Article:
Stephen Knight is a former Wallingford Town Councilor.
As published in the Record Journal Sunday August 23, 2009
The headmaster of Choate appeared before our Wallingford Town Council once again on August 11th. The discussion, which should have centered around and been limited to the justification for closing part of Old Durham Road and the compensation to the town for doing so, ranged far and wide.
It began with Chairman Brodinsky’s forty five minute interrogation of headmaster Shanahan. A third of that time was taken up discussing how the students would travel between the environmental center and the main campus. Following that was an attempt to diminish the significance of Choate’s willingness to legally designate that 130 acres of their property would never be developed by suggesting that, unless the public had unrestricted access “as a matter of right,” it really was not open space.
The entire exchange was best summed up by the chairman himself when he said that he considered the residents of Wallingford his “clients.” Indeed, the place had the air of a courtroom until other councilors were able to participate.
The multi-hour discussion yielded three general observations:1)the “town-gown” relationship between Choate and its host community needs improvement; 2) the “nanny state” is thriving in Wallingford, and 3) the distinction between public and private property is dangerously blurring.
“Town/Gown” relationship: Because of the very divergent responsibilities each has, maintaining a cordial working relationship between an exclusive private school and a town government takes effort. However, both organizations have one common responsibility upon which a good relationship can be built and maintained: the education of children. The most relevant parts of the entire discussion involved questions as to the extent that Choate might be willing to include local high school students in the activities of its environmental center.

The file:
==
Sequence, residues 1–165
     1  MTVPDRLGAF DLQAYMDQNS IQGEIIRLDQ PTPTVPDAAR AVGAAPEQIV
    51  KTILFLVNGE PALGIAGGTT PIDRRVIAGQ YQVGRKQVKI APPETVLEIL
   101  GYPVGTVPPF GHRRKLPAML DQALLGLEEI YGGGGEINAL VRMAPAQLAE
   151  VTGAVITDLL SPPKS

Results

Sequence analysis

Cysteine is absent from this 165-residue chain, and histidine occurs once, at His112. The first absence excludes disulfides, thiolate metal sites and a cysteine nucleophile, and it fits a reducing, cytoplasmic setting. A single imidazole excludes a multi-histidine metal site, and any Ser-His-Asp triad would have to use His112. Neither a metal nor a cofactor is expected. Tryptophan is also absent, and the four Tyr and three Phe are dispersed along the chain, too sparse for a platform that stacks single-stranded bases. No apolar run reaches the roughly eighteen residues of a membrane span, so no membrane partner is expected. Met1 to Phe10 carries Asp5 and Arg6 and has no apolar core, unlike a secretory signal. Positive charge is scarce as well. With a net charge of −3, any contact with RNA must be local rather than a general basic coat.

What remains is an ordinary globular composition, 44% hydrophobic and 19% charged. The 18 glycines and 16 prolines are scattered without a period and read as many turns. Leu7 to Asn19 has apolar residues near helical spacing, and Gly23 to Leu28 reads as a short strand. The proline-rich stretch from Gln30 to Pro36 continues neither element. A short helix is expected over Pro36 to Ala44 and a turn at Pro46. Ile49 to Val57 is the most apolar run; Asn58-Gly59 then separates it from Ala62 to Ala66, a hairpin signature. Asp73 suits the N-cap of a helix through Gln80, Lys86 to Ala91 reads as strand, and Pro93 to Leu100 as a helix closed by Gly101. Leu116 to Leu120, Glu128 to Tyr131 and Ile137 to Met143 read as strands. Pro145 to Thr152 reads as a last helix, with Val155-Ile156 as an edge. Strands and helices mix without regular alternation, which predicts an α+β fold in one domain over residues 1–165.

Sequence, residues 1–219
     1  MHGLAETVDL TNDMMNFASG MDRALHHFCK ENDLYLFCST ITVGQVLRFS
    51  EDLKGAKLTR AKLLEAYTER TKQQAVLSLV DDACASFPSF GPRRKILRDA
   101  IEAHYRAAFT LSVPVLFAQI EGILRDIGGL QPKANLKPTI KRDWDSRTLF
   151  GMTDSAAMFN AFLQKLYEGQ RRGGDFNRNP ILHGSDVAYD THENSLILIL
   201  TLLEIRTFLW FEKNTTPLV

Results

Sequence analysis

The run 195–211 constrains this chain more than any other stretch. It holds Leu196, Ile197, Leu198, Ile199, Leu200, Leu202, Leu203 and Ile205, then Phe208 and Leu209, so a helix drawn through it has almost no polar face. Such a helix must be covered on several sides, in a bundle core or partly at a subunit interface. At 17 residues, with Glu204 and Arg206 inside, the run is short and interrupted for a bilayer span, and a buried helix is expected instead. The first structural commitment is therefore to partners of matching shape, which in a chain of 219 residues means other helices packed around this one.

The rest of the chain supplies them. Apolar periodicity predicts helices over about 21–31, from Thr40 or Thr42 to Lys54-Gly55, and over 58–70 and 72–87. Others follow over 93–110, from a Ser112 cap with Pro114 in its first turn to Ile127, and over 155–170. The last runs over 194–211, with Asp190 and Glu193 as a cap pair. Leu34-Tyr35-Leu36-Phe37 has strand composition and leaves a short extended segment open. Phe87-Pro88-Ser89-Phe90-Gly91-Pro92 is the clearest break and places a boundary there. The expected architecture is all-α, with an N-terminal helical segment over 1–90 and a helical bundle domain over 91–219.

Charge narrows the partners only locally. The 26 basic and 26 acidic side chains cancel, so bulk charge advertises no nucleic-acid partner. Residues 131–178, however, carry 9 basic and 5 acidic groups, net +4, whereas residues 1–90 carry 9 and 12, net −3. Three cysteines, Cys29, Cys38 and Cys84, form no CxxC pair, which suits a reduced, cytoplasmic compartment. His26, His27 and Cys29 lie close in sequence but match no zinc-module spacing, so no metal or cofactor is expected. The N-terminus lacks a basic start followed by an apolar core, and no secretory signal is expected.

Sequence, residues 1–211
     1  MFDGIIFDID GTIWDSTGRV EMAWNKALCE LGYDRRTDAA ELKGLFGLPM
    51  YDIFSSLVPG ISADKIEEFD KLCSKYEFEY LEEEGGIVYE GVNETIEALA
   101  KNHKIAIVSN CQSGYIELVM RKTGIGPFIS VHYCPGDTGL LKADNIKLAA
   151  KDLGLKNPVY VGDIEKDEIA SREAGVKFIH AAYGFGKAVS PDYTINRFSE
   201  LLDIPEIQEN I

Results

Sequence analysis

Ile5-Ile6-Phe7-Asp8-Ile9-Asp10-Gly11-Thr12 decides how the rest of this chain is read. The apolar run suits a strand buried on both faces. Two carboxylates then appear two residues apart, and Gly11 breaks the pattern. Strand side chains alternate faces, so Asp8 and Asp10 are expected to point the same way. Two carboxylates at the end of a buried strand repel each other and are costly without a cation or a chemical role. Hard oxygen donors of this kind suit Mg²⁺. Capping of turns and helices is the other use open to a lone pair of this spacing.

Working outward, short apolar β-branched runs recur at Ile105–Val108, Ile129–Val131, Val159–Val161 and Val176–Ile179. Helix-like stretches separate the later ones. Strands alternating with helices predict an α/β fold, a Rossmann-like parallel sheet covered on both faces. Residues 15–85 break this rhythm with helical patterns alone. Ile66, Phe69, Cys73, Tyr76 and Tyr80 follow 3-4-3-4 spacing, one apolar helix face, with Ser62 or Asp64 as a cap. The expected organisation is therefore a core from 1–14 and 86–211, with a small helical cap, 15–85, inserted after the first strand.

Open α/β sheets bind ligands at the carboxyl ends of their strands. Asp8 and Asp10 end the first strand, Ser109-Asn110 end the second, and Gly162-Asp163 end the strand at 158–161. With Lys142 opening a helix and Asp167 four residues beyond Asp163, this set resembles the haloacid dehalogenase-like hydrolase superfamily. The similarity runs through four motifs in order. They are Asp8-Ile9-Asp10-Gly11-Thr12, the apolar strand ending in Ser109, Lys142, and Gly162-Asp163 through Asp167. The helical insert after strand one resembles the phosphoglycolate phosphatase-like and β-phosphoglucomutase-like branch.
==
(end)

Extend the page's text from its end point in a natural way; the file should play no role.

I hope the headmaster takes a cue from the high degree of interest in that subject. By involving these students in an ongoing and substantive way, not only would Choate be providing a unique educational opportunity to children who might not otherwise have it, but the school would be building a common bond between itself and the town. Both entities would be much the better for it.
“Nanny State”: If you watch this meeting without cringing at the minutia into which a couple of Town Councilors delved, you have become inured to the nanny state mentality which is creeping into our daily lives. Choate Rosemary Hall has housed and protected thousands of young men and women for over a century. They are experts at it, and I am unable to see how the release of an easement allowing a public road over Choate’s property gives some of our public officials license to advise the school in carrying out that function. The school administration is capable of determining on its own where to construct paths and buildings on their own property without having to run every aspect of their plans by elected officials.
Private property/public rights: Choate Rosemary Hall is a private institution that owns hundreds of acres of property. In an effort to be a good neighbor, the school has shared some of its facilities with the town. Now it appears that a couple of Town Councilors have assumed that this gracious generosity is no longer a privilege but a right, and, additionally, that the private property the school promises to leave undeveloped is somehow no win the public domain. Do you remember a few years back how some busy bodies hectored Cytec about having Little League fields next to their chemical plant? And what was the result of that exchange? I am not suggesting that Choate will withdraw its involvement with the town as did Cytec. I am saying that officials that take for granted the civic-mindedness of private concerns put at risk all the goodwill built up by that generosity.
Stay tuned. And as you do, please keep in mind that surrounding this issue are others far larger than the closing of a small country road.